British media scrambles to prevent Murdoch takeover of Sky Broadcasting
UK’s largest newspaper publisher, television network may soon be under one roof
An unprecedented coalition of British media outlets have banded together in recent weeks, insisting the government intervene in a planned buyout of British Sky Broadcasting by Australian-American media tycoon Rupert Murdoch.
Murdoch, owner of Fox News Channel parent company News Corporation, already has a 39 percent stake in Sky, but he’s looking to up that to 100. The broadcaster’s total value is estimated at around 12.3 billion euros, according to The Financial Times.
Raising objections to the takeover were the heads of the BBC; Associated Newspapers, which owns The Daily Telegraph and The Daily Mail; The Guardian Media Group; The Telegraph Media Group and Trinity Mirror, which owns The Daily Mirror: they and other all signed a petition directed toward UK Business Secretary Vince Cable, asking that he consider halting the proposed 8 billion euro buyout.
“The business secretary is expected to make his ruling within 10 days of the European commission being notified, and his decision will have to be rubber-stamped by [Prime Minister David] Cameron,” The Guardian explained, in one of several stories on the subject Monday. “The media plurality test – which would be carried out first by the communications regulator Ofcom and then by ministers – is a loosely-defined concept by which Cable would have to be convinced that rival newspapers and broadcasters were at risk of closure or cuts that would damage democratic debate.”
That may be a hard charge to prove, considering Murdoch’s son, James, once sat on British Sky Broadcasting’s board of directors as chairman. He’s currently the executive chairman of News International, the UK’s largest newspaper publishing house and owner of The Times, The Sunday Times, The Sun and News of the World.
“We’re not saying there’s been a crime committed here,” BBC chief Mark Thompson recently told PBS interviewer Charlie Rose. “What we’re saying is there is – given the scale of the potential ownership in UK media – there’s a strong case for looking at it systemically and deciding whether or not anything needs to be done to address the issue. If the two [News Corp and Sky] were combined, there might be a significant loss of plurality in our media market.”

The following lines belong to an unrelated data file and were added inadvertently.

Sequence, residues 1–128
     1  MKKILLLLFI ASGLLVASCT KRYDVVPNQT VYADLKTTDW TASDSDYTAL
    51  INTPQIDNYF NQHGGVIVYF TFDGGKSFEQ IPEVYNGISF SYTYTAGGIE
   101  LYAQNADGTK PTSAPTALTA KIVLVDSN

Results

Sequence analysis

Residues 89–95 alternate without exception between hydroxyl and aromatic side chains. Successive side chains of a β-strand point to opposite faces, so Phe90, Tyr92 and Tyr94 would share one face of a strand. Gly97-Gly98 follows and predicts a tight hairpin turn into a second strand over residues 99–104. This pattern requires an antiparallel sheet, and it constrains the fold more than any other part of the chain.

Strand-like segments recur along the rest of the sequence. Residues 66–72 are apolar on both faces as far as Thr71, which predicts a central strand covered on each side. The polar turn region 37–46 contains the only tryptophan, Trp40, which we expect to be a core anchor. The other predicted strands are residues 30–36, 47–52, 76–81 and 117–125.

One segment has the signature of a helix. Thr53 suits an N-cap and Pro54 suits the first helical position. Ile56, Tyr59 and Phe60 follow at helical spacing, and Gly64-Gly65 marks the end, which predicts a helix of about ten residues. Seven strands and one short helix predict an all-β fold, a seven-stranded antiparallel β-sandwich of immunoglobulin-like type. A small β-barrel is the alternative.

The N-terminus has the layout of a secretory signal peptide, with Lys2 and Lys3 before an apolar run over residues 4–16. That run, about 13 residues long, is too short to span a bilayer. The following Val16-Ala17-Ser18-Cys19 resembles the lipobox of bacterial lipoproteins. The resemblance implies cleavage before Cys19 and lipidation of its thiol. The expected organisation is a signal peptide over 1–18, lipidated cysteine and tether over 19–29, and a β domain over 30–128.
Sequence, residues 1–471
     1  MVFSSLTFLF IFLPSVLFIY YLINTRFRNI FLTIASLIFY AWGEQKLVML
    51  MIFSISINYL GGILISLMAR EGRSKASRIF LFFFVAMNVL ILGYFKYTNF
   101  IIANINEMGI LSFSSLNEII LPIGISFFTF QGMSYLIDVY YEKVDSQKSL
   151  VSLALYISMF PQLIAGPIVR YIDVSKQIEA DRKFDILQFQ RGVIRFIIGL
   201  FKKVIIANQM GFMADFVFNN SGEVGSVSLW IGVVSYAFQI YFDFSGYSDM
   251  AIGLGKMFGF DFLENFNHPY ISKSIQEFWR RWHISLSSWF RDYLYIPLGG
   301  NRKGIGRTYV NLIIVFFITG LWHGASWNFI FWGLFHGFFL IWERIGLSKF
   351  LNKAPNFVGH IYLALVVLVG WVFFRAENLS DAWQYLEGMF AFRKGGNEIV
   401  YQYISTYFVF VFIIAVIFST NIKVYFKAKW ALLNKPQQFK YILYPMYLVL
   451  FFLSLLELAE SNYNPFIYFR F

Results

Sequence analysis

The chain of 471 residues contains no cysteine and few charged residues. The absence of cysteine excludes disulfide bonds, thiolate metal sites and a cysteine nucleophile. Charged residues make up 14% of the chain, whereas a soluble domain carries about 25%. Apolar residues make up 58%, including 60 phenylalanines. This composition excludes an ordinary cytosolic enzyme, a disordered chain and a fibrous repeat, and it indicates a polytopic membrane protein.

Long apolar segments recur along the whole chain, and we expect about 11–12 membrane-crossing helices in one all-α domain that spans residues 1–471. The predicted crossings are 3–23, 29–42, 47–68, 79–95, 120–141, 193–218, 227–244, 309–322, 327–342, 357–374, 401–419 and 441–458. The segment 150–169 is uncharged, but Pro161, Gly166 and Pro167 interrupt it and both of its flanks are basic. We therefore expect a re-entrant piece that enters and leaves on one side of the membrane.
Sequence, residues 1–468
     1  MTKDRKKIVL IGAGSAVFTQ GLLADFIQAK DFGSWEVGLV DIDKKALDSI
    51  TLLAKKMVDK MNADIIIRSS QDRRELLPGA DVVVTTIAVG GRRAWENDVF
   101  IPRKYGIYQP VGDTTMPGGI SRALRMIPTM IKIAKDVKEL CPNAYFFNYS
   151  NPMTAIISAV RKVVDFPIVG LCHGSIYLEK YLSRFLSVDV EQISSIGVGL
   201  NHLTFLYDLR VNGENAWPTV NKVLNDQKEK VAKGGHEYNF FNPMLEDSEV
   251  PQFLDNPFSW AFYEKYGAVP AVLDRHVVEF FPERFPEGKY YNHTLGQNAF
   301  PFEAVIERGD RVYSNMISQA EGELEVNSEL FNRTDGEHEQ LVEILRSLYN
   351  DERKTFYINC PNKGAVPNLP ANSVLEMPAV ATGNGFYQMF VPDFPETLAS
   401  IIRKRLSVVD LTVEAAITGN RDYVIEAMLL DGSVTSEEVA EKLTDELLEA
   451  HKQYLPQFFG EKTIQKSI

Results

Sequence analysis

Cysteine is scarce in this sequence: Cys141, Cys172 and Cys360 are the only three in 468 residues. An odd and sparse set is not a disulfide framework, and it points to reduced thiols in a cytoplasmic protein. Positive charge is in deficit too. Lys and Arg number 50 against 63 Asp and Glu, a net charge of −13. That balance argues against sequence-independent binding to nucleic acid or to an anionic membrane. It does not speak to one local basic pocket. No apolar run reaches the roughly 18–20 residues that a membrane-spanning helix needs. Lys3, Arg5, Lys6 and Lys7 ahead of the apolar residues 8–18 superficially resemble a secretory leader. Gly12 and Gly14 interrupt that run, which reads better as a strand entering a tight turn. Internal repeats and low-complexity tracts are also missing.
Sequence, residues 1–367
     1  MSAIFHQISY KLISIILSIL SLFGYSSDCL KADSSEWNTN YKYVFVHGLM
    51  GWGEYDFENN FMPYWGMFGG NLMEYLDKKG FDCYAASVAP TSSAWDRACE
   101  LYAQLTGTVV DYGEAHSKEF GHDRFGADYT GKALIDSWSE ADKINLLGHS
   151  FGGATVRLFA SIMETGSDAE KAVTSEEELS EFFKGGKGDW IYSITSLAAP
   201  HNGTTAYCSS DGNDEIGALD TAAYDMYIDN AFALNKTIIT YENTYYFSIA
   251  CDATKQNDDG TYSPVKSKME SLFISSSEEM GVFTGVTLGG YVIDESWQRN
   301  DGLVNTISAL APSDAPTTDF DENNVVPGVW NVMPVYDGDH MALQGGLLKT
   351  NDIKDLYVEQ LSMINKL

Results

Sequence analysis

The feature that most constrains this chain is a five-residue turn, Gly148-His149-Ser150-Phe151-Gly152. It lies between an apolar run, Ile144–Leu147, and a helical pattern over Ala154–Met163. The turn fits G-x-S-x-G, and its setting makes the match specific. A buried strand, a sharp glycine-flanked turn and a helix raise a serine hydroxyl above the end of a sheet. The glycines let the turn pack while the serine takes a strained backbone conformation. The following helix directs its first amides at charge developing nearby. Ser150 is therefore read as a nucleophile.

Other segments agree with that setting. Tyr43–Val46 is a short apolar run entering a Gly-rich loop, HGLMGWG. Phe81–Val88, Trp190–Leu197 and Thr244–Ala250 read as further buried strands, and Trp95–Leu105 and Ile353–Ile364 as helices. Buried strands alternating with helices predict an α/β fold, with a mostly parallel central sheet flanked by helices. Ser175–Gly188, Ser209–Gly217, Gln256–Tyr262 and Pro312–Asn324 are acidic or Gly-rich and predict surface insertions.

It would seem his argument was substantial enough to earn the support of Lord Fowler, former chairman of the British House of Lords select committee on communications.
“Any proposal to allow a company of [Sky’s] size to come under the same ownership as the country’s largest national newspaper group must be a matter of legitimate public concern,” Fowler wrote in The Guardian on Tuesday. “So Cable should certainly call in any bid by News Corp for full control of Sky – but that should not be the end of it. The government should go one step further and examine what impact the increasing concentration of ownership is having on the news we all receive.”
The British business secretary has the power to put News Corporation’s takeover of Sky on hold. No announcement has been made as to his expected decision.
News Corporation is one of the world’s largest media conglomerations, with mainstream assets in the worlds of book publishing, newspapers, magazines, entertainment television, movies, televised national and local news, online social media and professional sports.
Critics of the media giant say owner Rupert Murdoch has tried to influence US politics by supporting conservatives in government and heavily promoting efforts to launch a war of aggression against Iraq. Likewise, Murdoch’s Fox News Channel employs almost every mainstream Republican viewed as a potential candidate for the presidency in 2012, and the company has given over $2 million to Republican campaigns and their conservative allies with the US Chamber of Commerce.